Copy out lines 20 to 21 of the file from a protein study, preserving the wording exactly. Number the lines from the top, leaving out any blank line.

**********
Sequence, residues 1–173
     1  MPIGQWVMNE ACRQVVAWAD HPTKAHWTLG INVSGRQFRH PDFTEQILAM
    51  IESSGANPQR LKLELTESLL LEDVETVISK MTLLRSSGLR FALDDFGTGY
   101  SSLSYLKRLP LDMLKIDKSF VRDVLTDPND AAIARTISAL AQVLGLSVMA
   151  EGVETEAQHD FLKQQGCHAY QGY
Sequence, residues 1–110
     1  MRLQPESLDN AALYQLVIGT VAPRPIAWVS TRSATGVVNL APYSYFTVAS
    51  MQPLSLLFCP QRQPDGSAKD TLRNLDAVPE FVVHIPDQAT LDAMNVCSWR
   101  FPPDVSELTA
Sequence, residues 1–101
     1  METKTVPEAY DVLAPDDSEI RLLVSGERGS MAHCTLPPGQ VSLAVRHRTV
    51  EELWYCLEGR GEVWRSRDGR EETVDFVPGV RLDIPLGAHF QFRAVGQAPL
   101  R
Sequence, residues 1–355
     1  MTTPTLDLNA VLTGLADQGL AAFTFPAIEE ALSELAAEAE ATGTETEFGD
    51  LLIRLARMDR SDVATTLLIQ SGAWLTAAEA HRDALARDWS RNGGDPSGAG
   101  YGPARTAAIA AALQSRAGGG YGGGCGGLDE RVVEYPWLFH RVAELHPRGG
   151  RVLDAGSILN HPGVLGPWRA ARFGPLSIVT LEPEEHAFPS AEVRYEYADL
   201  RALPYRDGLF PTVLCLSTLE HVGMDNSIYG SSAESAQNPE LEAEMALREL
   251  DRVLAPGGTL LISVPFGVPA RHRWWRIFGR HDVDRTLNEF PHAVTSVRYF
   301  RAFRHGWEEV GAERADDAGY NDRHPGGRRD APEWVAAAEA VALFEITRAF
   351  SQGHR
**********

   251  DRVLAPGGTL LISVPFGVPA RHRWWRIFGR HDVDRTLNEF PHAVTSVRYF
   301  RAFRHGWEEV GAERADDAGY NDRHPGGRRD APEWVAAAEA VALFEITRAF